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We Happy Few: Wonderful Setting, Tired Structure

More high-concept bin-diving

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We Happy Few [official site] is a singleplayer, first-person survival game, set in an alt-history, 1960s-esque England in which the well-to-do all scoff ‘Joy’ pills to ensure an ordered society, while the less fortunate ‘Downers’ are locked out and left to live in squalor and madness. You play as Arthur, a clerk off his pills and starting to glimpse the stark truth of things, and cast out among the Downers as a result. There, you must craft and fight to say alive, and find a way to some presumed better place.

Strange timing. There am I thinking, “hey, We Happy Few owes quite a bit to Sir, You Are Being Hunted,” and then Big Robot (headed by Jim Rossignol, formerly of this parish) only go and announce their new game. The cosmic ballet continues.

From the nightmare-England aesthetic to the rotten food and gonzo gadgets, it’s hard to imagine that We Happy Few’s creators are not familiar with m’esteemed colleague’s last game. Truth be told though, singleplayer survival oddity We Happy Few has a great many influences, most of them not so much worn on its sleeve as painted in rainbow colours across its entire body.

BioShock, Dishonored, Minecraft, STALKER, Brazil, The Prisoner, 1984. Fine touchstones, thematically speaking, and combined into a half-bleak, half-lurid world of danger and oppression. What a wonderful, darkly beautiful setting – and then of course it goes and gets a crafting game nailed onto it.

A crafting backbone makes commercial sense, of course – one need only glance at the Steam charts to see how popular collecting rocks and building hats is. I’m concerned that its increasing status as the go-to school of design for amazing game-places risks denying us the opportunity to truly appreciate them.

To play We Happy Few is to be constantly nagged by hunger, thirst, sleep and health meters, and to be lost to rummaging through bins and collapsed dressers rather than admiring the attention to detail and snarky socio-political commentary of its vision of a nightmare alt-70s England. In other words, perhaps it’s too inspired by BioShock for its own good.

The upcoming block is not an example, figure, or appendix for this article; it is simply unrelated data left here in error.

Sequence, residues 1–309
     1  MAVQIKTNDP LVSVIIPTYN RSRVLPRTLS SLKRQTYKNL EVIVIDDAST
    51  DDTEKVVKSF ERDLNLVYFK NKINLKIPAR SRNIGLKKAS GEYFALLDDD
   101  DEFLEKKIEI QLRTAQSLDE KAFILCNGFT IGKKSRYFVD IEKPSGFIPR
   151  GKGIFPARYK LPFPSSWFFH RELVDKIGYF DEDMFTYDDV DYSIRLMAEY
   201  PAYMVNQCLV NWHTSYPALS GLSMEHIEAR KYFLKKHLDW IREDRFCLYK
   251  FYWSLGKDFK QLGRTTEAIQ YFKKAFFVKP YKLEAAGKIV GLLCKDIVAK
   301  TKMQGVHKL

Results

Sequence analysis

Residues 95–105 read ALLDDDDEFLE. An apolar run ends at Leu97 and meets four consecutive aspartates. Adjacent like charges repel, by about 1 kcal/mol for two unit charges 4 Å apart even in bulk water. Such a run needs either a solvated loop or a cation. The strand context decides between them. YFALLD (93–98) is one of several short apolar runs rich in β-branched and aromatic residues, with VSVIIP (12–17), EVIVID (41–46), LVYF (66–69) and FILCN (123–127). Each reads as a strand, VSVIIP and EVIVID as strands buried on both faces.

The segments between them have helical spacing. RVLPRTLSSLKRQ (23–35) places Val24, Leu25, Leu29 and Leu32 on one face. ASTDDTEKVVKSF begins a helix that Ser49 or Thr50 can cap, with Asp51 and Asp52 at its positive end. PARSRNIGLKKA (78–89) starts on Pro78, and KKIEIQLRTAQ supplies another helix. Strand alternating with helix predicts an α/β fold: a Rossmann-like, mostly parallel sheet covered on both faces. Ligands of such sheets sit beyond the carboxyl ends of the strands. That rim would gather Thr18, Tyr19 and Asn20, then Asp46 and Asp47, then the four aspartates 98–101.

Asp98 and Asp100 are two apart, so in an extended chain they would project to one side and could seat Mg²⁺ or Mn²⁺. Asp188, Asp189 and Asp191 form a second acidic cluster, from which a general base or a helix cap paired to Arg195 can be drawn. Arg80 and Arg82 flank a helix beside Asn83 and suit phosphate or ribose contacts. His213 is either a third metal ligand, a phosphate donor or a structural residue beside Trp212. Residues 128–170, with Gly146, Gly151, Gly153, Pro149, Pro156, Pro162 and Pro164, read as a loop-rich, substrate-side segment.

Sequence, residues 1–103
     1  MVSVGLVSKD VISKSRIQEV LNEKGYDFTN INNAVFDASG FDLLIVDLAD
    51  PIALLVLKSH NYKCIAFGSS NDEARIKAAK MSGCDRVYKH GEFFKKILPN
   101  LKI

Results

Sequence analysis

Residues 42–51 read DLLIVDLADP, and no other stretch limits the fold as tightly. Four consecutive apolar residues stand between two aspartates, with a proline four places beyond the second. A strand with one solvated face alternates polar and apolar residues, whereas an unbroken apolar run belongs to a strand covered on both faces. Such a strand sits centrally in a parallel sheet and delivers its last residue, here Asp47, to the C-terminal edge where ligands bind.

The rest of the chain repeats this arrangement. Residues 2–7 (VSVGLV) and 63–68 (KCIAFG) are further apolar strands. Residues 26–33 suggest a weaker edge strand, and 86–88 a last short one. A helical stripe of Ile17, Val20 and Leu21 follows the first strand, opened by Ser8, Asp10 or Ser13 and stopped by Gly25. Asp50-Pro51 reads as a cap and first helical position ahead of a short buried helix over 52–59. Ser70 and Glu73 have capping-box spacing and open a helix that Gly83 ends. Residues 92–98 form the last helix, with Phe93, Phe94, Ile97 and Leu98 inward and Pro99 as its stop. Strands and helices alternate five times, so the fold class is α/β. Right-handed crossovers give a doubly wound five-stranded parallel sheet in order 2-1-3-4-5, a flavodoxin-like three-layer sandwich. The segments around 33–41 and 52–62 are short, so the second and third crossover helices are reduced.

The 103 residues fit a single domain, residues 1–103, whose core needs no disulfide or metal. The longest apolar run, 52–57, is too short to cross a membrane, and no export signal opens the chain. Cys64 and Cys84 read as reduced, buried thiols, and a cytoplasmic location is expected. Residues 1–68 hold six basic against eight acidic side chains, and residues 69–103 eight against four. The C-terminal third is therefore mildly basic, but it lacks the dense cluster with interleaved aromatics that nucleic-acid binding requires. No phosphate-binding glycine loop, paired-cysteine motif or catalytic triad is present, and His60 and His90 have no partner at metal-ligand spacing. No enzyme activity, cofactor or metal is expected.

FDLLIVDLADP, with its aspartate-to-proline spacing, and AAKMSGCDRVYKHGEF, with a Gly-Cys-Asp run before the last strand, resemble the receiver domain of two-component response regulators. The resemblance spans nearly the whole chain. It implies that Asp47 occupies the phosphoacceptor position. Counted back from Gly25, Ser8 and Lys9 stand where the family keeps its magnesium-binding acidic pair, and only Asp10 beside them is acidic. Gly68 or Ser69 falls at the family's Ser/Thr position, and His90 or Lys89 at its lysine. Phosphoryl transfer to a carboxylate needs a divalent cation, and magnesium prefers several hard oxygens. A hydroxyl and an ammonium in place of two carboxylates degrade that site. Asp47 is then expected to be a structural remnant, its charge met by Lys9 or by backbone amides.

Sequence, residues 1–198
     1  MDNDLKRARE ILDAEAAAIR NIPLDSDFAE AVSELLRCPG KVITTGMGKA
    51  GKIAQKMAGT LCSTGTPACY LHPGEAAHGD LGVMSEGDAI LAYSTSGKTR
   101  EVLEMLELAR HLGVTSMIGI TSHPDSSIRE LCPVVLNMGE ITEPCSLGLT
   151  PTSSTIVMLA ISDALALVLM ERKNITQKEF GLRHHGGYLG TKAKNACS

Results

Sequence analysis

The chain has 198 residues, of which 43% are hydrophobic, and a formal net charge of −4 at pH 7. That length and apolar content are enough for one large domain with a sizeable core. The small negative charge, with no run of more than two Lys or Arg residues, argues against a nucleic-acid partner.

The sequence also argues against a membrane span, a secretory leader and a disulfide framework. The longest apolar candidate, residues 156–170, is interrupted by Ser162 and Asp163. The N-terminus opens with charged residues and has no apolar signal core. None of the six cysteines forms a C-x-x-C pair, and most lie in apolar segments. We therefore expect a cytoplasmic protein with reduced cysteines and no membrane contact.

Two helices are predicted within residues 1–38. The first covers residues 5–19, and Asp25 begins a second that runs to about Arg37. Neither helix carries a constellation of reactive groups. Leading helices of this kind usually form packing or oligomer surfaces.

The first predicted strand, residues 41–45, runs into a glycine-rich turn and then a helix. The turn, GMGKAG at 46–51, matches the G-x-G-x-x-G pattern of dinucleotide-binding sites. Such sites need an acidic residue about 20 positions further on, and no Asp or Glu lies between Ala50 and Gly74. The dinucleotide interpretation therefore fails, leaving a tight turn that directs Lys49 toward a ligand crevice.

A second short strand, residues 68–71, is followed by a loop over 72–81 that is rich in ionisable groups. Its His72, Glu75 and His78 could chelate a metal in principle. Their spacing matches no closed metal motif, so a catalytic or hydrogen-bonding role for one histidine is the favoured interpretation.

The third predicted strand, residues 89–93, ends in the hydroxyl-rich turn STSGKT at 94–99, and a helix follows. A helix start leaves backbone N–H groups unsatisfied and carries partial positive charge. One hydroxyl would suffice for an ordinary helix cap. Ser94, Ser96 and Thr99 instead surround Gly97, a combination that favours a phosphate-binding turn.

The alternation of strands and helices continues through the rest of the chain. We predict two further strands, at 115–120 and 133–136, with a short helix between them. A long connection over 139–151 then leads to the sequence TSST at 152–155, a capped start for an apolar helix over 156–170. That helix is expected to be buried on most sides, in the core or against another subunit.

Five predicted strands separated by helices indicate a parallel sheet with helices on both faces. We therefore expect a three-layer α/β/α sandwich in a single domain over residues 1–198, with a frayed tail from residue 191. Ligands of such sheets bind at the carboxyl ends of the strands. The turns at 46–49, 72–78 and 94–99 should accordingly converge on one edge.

We Happy Few is, primarily, a game about building bandages and lockpicks out of found junk, in very familiar fashion. Fortunately, it applies some structure to it – hooking some crafting tasks to specific quests which will then enable progress to a new area or elicit a reward from one of its many cracked NPCs.

There’s a sense of purpose to it beyond ‘stay alive / max out the tech tree’ – that purpose being the twin goals of escaping from the hell you have been cast down to, but more importantly getting a glimpse of how the other half live in the locked-off later areas.

This is an early access build, with more ‘story’ and alternate playable characters promised for later on, but while such additions are an enticing prospect, I’m not entirely sure they’re what’s most-needed.

When We Happy Few sings as opposed to just standing around doing familiar things, it’s because it’s presenting vaguely Dishonored-esque multiple solutions to a problem. Two different, locked-down bridges from the poor area to the rich area, for instance, with choice over which you will find a way over and how.

An underlying choice between stealth and violence, deception and chaos. Using dress, psychoactive drugs and machines to convince a policeman that you are One Of Them rather than one of those horrid poor folk on the other side of the bridge, for instance. These options are few and fleeting, but WHF’s voice is clearer when they are presemt.

My overriding sense as I play is that this is a game I want to like, a game which feels as though it has been constructed out of my own pop-cultural interests to such an extent that it surely, surely will please me. I keep playing, waiting for the penny to drop. Waiting to see if there will come a time when every excursion to a new part of town or to find a key component to get over the bridge is not characterised by drip-feed maintenance of basic needs.

Screwing up a stealthy incursion into a tumbledown house occupied by crazed Downers and finding myself in a haphazard fist-fight – yes, OK, pretty creepy. Having to divert from a trip down a road I’ve already been along ten times because my character needs a drink and a snack – no, irritating.

When did ‘survival’ become ‘needing to eat every five minutes?’ WHF is not the sole culprit, let alone creator, of this approach, but, speaking personally, I worry that I’m hitting saturation point on this stuff. What is the point of a beautiful game-world when the reality of it is ceaseless bin-diving?

Early days, early access, and I hope that WHF’s later explorations are more in the vein of disguise and deception, of problem-solving rather than inventory management. As it stands, it presents a great concept, this divided land of the poor and their struggles and the rich and their happy pills, then doesn’t seem to quite know what to do with it. It looks wonderful and feels sinister, and for the most part sounds it too (the lead character’s propensity to speak in book quotes gets old fast) – there is much to build on here. This slightly unhappy one hopes it does so.

We Happy Few is available, in Early Access, now.

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Alec Meer

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Co-founder of RPS. Dungeon Keeper & X-COM 4 Life.

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